St Vith, Belgium
Meakusma has long distinguished itself in the international panorama of music festivals for its community-based approach and remarkable programming, spanning the more uncharted to the legendary within contemporary experimental music.
Following a sold-out and stacked edition in 2022, the Meakusma crew announced a temporary pause from the four-day happening in Eupen – a bucolic town in east Belgium – to “reset some organisational aspects following the festival’s growth”. Over the August bank holiday weekend, the Meakusma Weekender – a smaller-scale event happening for the first time in the serenity of Saint Vith – saw Meakusma’s regular attendees in full force to support the event, making the most of the last days of summer.
At at time where many music festivals worldwide acknowledge the need to re-think their structure in order to keep afloat in the current climate, the continued trust and support of their attendees is pivotal. One thing that makes Meakusma unique is a steady cluster of music workers – from journalists and agents to artists to label heads – who come back every year to listen, meet and catch up. “We were concerned that our usual crowd wouldn’t come to Saint Vith”, points out one of the organisers. Still, worries vanished as familiar faces gathered in front of the Kino Corso, a charming small cinema hosting live performances during the afternoons and early evenings.
Every day unfolded with soothing ease as concerts materialised in various locations around the town: from the bricked rooms and garden of Kuckuck, the cosmic disco ball rays of Alte Post, Triangel’s club ambience, the elevated ceilings of the Church of Saint Vitus and the lush views from the town’s historic Büchelturm tower. Compared to the density of Meakusma’s pace in Eupen and the usual difficulty in seeing some performances because of overcrowded locations, at the Weekender, few acts overlapped. The venues’ capacity was on point, allowing participants to smoothly transit from one site to another, allured by a wide-ranging musical offering from folk, pyschedelia and fourth-world sonic immersions to ghettotech and deep house.
In a weekend filled with notable performances, here’s five highlights from Meakusma Weekender 2023.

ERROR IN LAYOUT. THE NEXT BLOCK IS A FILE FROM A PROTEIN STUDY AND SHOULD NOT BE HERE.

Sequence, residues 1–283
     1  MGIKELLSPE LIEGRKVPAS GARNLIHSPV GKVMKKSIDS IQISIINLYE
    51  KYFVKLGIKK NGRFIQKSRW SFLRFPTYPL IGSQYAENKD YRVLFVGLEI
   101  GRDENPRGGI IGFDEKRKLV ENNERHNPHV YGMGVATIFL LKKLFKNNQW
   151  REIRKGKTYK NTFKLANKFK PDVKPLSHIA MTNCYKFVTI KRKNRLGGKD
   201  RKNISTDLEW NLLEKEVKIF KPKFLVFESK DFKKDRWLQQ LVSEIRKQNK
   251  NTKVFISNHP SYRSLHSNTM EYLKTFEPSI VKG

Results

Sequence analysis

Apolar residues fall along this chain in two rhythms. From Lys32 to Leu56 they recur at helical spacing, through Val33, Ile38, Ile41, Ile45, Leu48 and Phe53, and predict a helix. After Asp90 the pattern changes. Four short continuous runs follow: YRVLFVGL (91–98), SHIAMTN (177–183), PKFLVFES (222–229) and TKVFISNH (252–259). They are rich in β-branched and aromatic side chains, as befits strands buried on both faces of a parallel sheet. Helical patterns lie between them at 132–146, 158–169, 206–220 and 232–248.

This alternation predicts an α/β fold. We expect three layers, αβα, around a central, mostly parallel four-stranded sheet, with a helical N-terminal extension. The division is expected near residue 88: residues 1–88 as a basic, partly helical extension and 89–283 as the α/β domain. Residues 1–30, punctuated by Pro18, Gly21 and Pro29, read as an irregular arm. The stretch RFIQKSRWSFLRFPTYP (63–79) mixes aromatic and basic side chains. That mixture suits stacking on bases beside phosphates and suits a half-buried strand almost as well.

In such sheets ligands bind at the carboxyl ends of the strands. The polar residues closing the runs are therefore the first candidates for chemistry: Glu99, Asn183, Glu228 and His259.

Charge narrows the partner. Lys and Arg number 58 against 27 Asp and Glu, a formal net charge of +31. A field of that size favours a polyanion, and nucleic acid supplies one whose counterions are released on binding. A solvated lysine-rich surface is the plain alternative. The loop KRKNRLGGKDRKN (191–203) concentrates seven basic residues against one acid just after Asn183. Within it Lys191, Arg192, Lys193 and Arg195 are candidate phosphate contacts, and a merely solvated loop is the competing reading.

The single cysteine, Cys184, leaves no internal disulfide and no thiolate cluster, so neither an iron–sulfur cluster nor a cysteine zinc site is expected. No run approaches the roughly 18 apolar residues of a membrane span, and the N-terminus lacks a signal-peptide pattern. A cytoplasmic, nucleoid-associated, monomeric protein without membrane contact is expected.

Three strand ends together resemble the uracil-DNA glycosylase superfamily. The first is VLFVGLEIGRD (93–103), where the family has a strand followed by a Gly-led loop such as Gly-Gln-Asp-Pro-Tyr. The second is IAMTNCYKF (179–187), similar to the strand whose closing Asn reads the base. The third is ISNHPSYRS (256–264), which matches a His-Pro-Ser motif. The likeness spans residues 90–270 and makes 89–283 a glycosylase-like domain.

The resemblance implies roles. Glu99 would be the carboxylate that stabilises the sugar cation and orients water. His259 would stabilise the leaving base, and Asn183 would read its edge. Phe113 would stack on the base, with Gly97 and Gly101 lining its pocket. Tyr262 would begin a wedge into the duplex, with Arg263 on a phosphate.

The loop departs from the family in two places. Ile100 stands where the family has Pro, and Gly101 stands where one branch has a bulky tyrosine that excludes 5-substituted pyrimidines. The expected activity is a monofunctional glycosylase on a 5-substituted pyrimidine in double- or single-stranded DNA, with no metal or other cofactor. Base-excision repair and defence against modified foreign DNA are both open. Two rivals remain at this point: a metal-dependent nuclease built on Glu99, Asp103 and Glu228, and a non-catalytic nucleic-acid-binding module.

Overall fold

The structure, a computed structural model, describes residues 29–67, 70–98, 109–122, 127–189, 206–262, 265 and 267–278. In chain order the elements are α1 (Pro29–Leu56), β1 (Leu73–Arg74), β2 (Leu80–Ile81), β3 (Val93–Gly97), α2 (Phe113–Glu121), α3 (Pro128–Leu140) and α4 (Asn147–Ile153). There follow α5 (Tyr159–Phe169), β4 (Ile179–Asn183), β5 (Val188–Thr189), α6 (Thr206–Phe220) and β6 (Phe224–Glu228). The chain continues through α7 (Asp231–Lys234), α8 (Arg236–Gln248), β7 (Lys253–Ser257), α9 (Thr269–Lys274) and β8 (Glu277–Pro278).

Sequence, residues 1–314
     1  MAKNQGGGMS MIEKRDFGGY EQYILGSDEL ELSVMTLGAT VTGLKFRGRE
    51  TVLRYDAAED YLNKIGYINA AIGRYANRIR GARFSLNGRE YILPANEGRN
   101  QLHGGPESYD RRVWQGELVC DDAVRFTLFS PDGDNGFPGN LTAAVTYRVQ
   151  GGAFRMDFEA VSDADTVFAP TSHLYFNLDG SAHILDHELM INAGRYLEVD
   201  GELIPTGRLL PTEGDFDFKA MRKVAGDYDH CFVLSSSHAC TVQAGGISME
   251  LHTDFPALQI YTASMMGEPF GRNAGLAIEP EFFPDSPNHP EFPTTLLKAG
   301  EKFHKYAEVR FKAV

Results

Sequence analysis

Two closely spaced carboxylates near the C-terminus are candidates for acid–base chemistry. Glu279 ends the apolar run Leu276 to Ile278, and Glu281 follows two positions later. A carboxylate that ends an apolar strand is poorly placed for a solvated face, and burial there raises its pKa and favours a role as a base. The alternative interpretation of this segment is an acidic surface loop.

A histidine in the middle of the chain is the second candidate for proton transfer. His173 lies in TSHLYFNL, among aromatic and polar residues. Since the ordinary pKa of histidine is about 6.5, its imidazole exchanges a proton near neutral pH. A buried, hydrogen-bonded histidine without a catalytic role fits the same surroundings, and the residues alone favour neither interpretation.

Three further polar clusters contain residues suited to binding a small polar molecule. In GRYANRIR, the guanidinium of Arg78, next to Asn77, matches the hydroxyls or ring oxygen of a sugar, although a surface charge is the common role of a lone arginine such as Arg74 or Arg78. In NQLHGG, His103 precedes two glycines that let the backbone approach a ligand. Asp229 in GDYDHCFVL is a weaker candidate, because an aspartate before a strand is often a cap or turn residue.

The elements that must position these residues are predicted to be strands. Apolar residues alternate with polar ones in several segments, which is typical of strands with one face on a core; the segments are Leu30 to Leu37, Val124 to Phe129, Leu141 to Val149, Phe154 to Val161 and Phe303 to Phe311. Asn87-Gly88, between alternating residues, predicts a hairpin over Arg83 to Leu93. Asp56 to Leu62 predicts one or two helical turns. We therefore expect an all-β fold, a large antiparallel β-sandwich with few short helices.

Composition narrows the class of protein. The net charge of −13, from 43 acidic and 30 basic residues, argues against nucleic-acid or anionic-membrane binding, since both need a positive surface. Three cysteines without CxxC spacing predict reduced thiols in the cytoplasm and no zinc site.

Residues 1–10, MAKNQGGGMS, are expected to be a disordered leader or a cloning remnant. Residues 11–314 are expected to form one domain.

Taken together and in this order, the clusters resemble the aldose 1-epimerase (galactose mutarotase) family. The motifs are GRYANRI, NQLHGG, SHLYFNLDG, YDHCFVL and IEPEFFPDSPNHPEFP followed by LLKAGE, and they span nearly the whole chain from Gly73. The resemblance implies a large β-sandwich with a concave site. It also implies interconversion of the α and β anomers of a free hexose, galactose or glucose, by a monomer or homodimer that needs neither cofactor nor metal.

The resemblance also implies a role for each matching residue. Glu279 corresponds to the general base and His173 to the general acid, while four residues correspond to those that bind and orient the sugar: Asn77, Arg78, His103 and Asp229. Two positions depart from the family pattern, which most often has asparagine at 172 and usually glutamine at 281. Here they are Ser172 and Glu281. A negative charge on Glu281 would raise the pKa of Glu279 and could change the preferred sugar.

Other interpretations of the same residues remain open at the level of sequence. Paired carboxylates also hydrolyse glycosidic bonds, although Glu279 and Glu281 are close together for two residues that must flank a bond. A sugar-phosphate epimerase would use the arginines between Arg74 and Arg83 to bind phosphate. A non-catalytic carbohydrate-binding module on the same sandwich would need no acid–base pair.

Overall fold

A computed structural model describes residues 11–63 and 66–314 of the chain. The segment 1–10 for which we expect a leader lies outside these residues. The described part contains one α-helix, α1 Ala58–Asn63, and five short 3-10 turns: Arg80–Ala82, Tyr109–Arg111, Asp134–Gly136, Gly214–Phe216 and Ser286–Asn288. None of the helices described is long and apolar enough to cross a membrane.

With great anticipation, we entered the main room of Triangel – where most club-oriented performances took place – on the Friday for HiTech’s set. The Detroit-based trio, who released an excellent self-titled album on Omar S’ legendary FXHE imprint last year, took over the stage after MC Yallah had begun to loosen up the night’s still shy audience. Any remaining timidity on the part of the crowd was annihilated by HiTech’s performance, the stage and dancefloor becoming one as the trio invited dancers to join their elevated arena and the group themselves jumping in the middle of the heated crowd. “This is how we do it in Detroit, in the club!” shouted HiTech’s Milf Melly, setting the tone well.
On the Saturday, the cosy inner room of Kuckuck – a cultural centre located on the edge of Saint Vith – was warmed by a sensual performance from French duo Adiciatz. The pair formed of Manon Nogier and Guillaume Lespinasse – also known for his Jonquera and Pilotwings projects – stood in front of the other, dimly illuminated by neon red lights. As the former’s solacing voice sang poems by female Occitan writers while playing a Japanese harp, Lespinasse’s slow-paced drums and spiralling keyboard chords intertwined, inducing the listeners, mostly sitting with their eyes closed, into a medieval-esque reverie.
ML’s appearances at Meakusma have always been an unmissable event in the festival’s programme, usually materialising as long durational excursus blurring the lines between the sonic and the scenic. On this occasion, the writer and musician, known for his long-standing 150 Session show on NTS, inaugurated Sunday’s driftings at Kuckuck with a four-hour set spanning Persian piano, Sicilian chantings, hallucinatory collages from his releases (on labels including Termina and Accidental Meetings) to intermittent ligneous kicks and dubby basslines. “Each record is a gift. I feel like clapping constantly,” says someone in the crowd. At times longing, at times zenithal, more than a DJ set, it felt like a story unravelling in front of our eyes.
Maxime Denuc’s album Nachtorn last year comprised a trancey take on contemporary minimalism composed for MIDI-controlled organs. The composition, resulting from Denuc’s dream to “create an entirely acoustic dance music piece with the organ as a sole actor”, permeated the monumental modern vault of Saint Vitus’ church and its dark blue painted background echoing the record’s Klein-esque cover. If music elevates, music in churches restores that elevation to a holy dimension of sound. The organ seemed to be touched by a thousand hands, as did the audience, guided on Sunday afternoon into a religious rapture by ever-evolving progressions and a whirlwind of voluptuous loops.
The Dwarfs of East Agouza
Meakusma Weekender’s pace deployed as a continuous expansion rather than a linear unfolding of performances. And thus, the festival’s closing act on Sunday was greeted with no less expectation than all the others. The Dwarfs of East Agouza solemnly occupied the stage of Kino Corso wrapped in fading orange lights as they progressively engaged in a kaleidoscopic improvisation featuring bass, guitar, saxophone and electronics. After Maurice Louca and Sam Shalabi left the stage, Sun City Girls’ Alan Bishop sat in front of the crowd singing acapella his versions of This Guy’s in Love with You and Me and Mrs. Jones, cherished by the audience’s enthusiasm and giggles. A heartfelt conclusion to three days of discoveries, re-encounters, surprises and an invigorating sense of collective intimacy.